By Rosamonde Lagrange. Cake. Published at Thursday, August 29th, 2019 - 02:51:20 AM.
Consultations – A face-to-face meeting is important to ensure that your cake maker understands your specific requirements, also it can be an opportunity to discuss the finer points and details regarding the cake’s decoration or whether the cake maker can suggest any alternative options that you may have overlooked. So check whether you Cake Maker offers Consultations and book one for a chat today.
Prepare your cookie sheets – Line each one of your cookie sheets with parchment paper cut long enough so that it extends over the side of the pan so that you can fit the parchment down into the corners. If you are not sure how much parchment paper to use, roll it out onto the cookie sheet and then set another cookie sheet on top of it and push down. Cut the excess parchment paper off. Repeat until all of your cookie sheets are covered. Set them aside.
Deposit – It is a reality that most professional Cake makers will need to take a non-refundable deposit at the time of booking in order to reserve them to make your cake, this is usually a token of goodwill as once booked the Cake Baker may have to turn-away business if approached for another wedding on the same day (which becomes increasingly common during the summer months and especially at weekends). While we are talking about deposits it is also common practice for the remainder of the bill to be settled upto four weeks in advance of the wedding. Availability – Be aware that good Cake Makers (like reliable tradespeople) can get booked up early, especially for particularly busy times of the year (such as weekends, the summer and especially weekends in the summer). So avoid disappointment and reserve your cake maker as soon as possible.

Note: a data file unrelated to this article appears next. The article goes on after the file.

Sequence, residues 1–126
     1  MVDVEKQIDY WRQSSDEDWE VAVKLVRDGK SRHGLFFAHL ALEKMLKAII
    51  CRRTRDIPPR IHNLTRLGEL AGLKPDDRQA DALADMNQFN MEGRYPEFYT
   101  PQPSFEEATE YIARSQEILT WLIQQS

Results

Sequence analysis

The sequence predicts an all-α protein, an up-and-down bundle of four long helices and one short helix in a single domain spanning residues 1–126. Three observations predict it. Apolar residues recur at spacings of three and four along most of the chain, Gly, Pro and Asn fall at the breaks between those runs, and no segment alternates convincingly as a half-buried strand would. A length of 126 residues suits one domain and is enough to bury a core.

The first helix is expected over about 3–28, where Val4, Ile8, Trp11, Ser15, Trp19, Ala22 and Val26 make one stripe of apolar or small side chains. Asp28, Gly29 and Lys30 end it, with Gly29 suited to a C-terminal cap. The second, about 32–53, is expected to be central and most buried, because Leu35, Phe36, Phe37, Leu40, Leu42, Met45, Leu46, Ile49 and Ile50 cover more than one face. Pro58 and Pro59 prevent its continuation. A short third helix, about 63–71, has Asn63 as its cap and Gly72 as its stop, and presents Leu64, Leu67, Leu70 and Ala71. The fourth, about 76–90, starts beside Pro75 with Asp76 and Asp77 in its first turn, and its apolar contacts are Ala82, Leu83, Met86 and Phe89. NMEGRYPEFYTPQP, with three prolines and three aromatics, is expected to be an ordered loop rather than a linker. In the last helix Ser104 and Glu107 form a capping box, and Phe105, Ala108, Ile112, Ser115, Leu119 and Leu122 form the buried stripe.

Fruit cakes, fillings are out, even though the United Kingdom’s Royal wedding went with a traditional fruit cake, which most Americans shun religiously at Christmas, so would NEVER be included or thought perfect for a wedding cake to be shared with your new relatives, friends, or even your spouse. Prior to the tradition in the United Kingdom of sweet or fruity cakes, in Medieval times the cake was usually made of a plain unsweetened bread. Actually probably a truer metaphor for what the bride was getting into than anything since. The bread was usually eaten first by the groom, who then broke it over the bride’s head showing his dominance over her (presumably throughout the rest of their married life.) I can see why that is not practiced anymore.
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